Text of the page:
-0.05451000956418885, -0.05443371561887635,1000,3000)
xycm3 = mandelbrot_set(-1.9963806954442953, -1.996380695443582,
2.628704923646517e-7, 2.62871027270105e-7,1000,1000)
xycm4 = mandelbrot_set(0.3476108223238668926295, 0.3476108223245338122665,
0.0846794087369283253550, 0.0846794087374285150830,1000,10000)
coordxyc = [xycm1, xycm2, xycm3, xycm4]
colores = ['bmw', 'bmy','fire', 'gray', 'kbc']
escalas = ["linear", "eq_hist"]
tf.Images(*[get_img(xycv, pick_color = c, fhow = scale) for xycv in coordxyc
for scale in escalas for c in colores]).cols(5)

Going deeper

# this looks ugly (a lot of numbers) but the pics are nice.
xycm5 = mandelbrot_set(-0.650790400000000001192,-0.648844800000000001192,
0.44539837880859369792, 0.44685757880859369792,1000,10_000)
xycm6 = mandelbrot_set(-0.9548899408372031, -0.9548896813770819,
0.2525416487455764, 0.2525418433406673, 1000,10_000)
xycm7 = mandelbrot_set(0.254828857465066226270, 0.254828889245416226270,
-0.000605561881950000235, -0.000605538046687500235,1000,50_000)
xycm8 = mandelbrot_set(-0.882297664710767940063, -0.882297662380940440063,
0.235365461981556923486,0.235365463728927548486, 1000, 10_000)
xycm9 = mandelbrot_set(-0.6534376561891502063520, -0.6534376520406489856480,
0.3635691455538367401120, 0.3635691486652126556400,1000,10_000)
xycm10 = mandelbrot_set(0.25740289813988496306, 0.25740289814296891154,
0.49283797442018109421, 0.49283797442249278541,1000,50_000)
coordxycDeeper = [xycm5, xycm6, xycm7, xycm8, xycm9, xycm10]
colores = ['bmw', 'fire', 'kbc']
tf.Images(*[get_img(xycv, sx = 800, sy = 600,
pick_color = c, fhow = "eq_hist")
for xycv in coordxycDeeper
for c in colores]).cols(3)

everything works beautiful ! Now, let's see the julia set.

## Julia set

The Julia Set associated to the function

for a constant c the complex plane is the set

of points z in the complex plane, such that

The code for this condition is

@jit(nopython=True)
def julia_map(x, y, c, b, itmap):
z = (x + 1j*y)**2 + c
for k in arange(b):
if z.real * z.real + z.imag * z.imag  > 4:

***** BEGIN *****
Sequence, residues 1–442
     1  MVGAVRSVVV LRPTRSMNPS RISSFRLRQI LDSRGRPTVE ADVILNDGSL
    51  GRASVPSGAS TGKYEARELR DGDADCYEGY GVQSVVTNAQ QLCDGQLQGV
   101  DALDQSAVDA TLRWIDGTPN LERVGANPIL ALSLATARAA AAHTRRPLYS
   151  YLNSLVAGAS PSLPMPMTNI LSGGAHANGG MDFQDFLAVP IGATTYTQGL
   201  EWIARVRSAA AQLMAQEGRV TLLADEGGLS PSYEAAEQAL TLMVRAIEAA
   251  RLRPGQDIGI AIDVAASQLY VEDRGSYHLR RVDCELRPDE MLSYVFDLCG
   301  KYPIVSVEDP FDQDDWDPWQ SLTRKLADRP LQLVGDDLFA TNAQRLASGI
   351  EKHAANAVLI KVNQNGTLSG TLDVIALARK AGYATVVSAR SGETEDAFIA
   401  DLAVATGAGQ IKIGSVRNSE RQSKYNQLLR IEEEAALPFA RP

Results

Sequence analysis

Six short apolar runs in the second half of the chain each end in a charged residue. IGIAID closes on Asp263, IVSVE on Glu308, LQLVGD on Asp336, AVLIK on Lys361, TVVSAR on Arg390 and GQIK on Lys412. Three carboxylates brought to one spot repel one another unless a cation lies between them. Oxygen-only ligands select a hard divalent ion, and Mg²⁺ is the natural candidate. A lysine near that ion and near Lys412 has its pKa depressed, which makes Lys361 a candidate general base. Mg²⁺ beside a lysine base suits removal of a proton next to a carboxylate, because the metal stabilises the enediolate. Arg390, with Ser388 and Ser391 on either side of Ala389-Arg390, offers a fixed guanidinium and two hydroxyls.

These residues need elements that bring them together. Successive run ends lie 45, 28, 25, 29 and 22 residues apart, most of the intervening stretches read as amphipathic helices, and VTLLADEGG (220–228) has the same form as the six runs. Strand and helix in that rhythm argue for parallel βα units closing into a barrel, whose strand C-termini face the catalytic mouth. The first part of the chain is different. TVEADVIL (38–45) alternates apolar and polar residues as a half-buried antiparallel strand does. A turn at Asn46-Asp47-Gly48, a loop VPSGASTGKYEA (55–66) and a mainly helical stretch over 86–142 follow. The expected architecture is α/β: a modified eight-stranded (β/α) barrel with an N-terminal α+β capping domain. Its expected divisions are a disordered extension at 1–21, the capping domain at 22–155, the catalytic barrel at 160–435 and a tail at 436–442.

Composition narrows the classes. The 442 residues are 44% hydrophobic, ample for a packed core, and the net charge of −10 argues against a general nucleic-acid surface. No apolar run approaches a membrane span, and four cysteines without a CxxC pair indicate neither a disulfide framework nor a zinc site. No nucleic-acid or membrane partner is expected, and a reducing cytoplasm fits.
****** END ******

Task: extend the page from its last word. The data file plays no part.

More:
return itmap(k, z, b)
z = z*z + c
return 0.0

and for a region in the complex plane

@jit(nopython=True)
def create_julia_dots(xi, xf, yi, yf, c, b, npoints):
xycolor = np.zeros((npoints**2, 3))
s = 0
for x in np.linspace(xi, xf, npoints):
for y in np.linspace(yi, yf, npoints):
color = julia_map(x, y, c, b, normIterations)
xycolor[s,:] = [x, y, color]
s +=1
return xycolor

And the plots are

xyc_julia = create_julia_dots(-1.7, 1.7, -1.7, 1.7,
-0.835 - 0.2321*1j, 500, 2000)
colores = ['bmw', 'bmy','fire', 'gray', 'kbc']
tf.Images(*[get_img(xyc_julia, pick_color = c, fhow ="log")
for c in colores])

More examples...

cvalues = [0.274 - 0.008 * 1j, 0.285 + 0.01*1j,
-0.70176 - 0.3842*1j, -0.8 + 0.156*1j,
-0.7269 + 0.1889*1j, -0.1 + 0.65*1j,
-0.382 + 0.618*1j, -0.449 + 0.571*1j]
def get_imgJulia(c, escala, color):
xyc = create_julia_dots(-1.5, 1.5, -1.5, 1.5, c, 500, 1000)
df = pd.DataFrame(xyc, columns =["x","y","c"])
cvs = ds.Canvas(plot_width=400, plot_height=400)
agg = cvs.points(df, 'x', 'y', ds.mean('c'))
return tf.shade(agg, cmap=cm(palette[color], 0.0), how=escala)
colores = ['bmw', 'bmy','fire', 'gray', 'kbc', 'bmw',
'bmy','fire', 'gray', 'kbc']
tf.Images(*[get_imgJulia(cvalue, "linear", colores[indx])
for indx, cvalue in enumerate(cvalues)]).cols(4)

One last colormap

tf.Images(*[get_imgJulia(cvalue, "linear", "CET_L17")
for indx, cvalue in enumerate(cvalues)]).cols(4)

For more colors go to colorcet or simply load matplotlib colormaps.

That was fun !

Find me on twitter as @LazarusAlon